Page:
that liberals, rather than simply white Southern racists, begin to make
sacrifices. King too was a radical. He would not compromise on nonviolence,
racism or justice. He understood that movements—such as the Liberty Party,
which fought slavery, the suffragists, who fought for women’s rights, the
labor movement and the civil rights movement—have always been the true
correctives in American democracy. None of those movements achieved formal
political power. But by holding fast to moral imperatives they made the
powerful fear them. King knew that racial equality was impossible without
economic justice and an end to militarism. And he had no intention of ceding
to the demands of the liberal establishment that called on him to be calm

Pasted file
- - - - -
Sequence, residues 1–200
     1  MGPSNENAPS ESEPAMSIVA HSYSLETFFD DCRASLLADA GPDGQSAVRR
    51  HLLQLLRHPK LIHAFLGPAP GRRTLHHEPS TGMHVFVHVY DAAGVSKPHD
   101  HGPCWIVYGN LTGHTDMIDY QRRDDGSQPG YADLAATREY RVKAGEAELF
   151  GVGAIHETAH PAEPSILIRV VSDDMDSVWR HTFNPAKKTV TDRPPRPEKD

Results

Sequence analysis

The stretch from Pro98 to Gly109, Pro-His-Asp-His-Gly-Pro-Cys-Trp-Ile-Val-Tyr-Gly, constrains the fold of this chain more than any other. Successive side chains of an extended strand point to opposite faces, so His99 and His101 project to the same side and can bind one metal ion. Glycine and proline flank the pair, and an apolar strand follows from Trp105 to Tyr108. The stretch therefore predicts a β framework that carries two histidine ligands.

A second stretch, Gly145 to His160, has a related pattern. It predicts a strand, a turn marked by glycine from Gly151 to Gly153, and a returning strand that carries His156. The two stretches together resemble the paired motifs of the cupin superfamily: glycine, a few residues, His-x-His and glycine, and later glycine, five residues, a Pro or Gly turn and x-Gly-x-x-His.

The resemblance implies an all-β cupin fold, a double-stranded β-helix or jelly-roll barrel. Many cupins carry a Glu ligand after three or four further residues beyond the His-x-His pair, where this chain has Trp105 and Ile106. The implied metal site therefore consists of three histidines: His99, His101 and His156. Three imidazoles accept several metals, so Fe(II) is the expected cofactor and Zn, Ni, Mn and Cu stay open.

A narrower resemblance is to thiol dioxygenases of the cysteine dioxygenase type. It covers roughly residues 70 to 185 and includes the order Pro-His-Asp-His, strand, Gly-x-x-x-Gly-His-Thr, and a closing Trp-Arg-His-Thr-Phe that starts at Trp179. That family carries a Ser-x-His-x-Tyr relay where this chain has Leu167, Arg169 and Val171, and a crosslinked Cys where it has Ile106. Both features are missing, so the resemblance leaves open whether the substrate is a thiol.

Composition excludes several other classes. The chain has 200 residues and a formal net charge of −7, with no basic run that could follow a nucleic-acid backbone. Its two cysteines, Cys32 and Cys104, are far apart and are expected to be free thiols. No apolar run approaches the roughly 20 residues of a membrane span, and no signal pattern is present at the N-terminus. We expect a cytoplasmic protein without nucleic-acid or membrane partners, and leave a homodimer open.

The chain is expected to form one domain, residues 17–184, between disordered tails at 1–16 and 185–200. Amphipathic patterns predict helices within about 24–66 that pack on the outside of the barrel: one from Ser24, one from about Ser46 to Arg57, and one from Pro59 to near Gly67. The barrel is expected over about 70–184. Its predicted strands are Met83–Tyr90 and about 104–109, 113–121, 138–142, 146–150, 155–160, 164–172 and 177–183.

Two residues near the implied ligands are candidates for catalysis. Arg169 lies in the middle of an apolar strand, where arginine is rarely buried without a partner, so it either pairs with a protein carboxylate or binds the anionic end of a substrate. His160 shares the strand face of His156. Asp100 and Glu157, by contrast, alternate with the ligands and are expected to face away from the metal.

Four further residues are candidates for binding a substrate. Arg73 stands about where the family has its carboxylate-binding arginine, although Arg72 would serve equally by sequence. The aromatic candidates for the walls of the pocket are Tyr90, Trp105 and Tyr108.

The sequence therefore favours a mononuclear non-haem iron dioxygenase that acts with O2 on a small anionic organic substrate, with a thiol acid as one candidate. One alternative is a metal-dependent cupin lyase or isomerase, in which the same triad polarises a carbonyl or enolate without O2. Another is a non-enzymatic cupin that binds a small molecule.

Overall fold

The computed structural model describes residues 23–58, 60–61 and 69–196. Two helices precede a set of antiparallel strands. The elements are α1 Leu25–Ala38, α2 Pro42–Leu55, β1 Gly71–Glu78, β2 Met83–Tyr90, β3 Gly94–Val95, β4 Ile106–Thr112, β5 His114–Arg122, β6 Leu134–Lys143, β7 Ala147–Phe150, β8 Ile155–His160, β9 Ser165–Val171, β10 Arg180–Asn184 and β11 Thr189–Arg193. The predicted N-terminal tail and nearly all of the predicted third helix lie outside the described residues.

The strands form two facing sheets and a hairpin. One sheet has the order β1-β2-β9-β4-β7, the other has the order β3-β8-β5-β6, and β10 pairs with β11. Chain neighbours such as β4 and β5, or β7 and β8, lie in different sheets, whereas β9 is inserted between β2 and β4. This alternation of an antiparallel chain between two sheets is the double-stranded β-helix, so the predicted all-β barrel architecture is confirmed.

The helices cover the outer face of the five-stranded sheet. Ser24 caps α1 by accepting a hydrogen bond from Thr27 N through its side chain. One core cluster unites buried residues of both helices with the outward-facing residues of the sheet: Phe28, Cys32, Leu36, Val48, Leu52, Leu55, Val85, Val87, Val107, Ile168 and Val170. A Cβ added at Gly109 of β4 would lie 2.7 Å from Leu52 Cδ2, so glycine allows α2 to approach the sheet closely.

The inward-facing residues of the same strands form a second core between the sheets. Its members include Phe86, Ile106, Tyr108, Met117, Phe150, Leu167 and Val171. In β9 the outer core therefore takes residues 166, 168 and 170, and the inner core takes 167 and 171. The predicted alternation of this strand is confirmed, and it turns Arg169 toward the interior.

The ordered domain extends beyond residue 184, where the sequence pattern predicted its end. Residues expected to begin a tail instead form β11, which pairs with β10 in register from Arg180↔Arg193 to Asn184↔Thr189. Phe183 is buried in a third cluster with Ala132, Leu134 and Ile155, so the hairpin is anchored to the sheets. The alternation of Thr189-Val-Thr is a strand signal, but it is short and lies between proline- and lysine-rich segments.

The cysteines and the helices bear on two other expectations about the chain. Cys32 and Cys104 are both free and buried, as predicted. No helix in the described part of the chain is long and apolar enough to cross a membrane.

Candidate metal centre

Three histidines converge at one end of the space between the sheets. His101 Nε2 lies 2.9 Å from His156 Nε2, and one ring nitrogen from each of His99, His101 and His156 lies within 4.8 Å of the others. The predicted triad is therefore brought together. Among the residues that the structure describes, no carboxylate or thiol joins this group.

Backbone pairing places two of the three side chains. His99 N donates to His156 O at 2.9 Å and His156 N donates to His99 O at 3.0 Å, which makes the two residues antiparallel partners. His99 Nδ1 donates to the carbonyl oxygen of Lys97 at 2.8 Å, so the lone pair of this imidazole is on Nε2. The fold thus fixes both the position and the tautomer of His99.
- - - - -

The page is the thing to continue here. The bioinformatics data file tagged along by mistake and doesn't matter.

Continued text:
and patience. “For years, I labored with the idea of reforming the existing
institutions in the South, a little change here, a little change there,”
King said shortly before he was assassinated. “Now I feel quite differently.
I think you’ve got to have a reconstruction of the entire system, a
revolution of values.”

King was killed in 1968 when he was in Memphis to support a strike by
sanitation workers. By then he had begun to say that his dream, the one that
the corporate state has frozen into a few safe clichés from his 1963 speech
in Washington, had turned into a nightmare. King called at the end of his
life for massive federal funds to rebuild inner cities, what he called “a
radical redistribution of economic and political power,” a complete
restructuring of “the architecture of American society.” He grasped that the
inequities of capitalism had become the instrument by which the poor would
always remain poor. “Call it democracy, or call it democratic socialism,”
King said, “but there must be a better distribution of wealth within this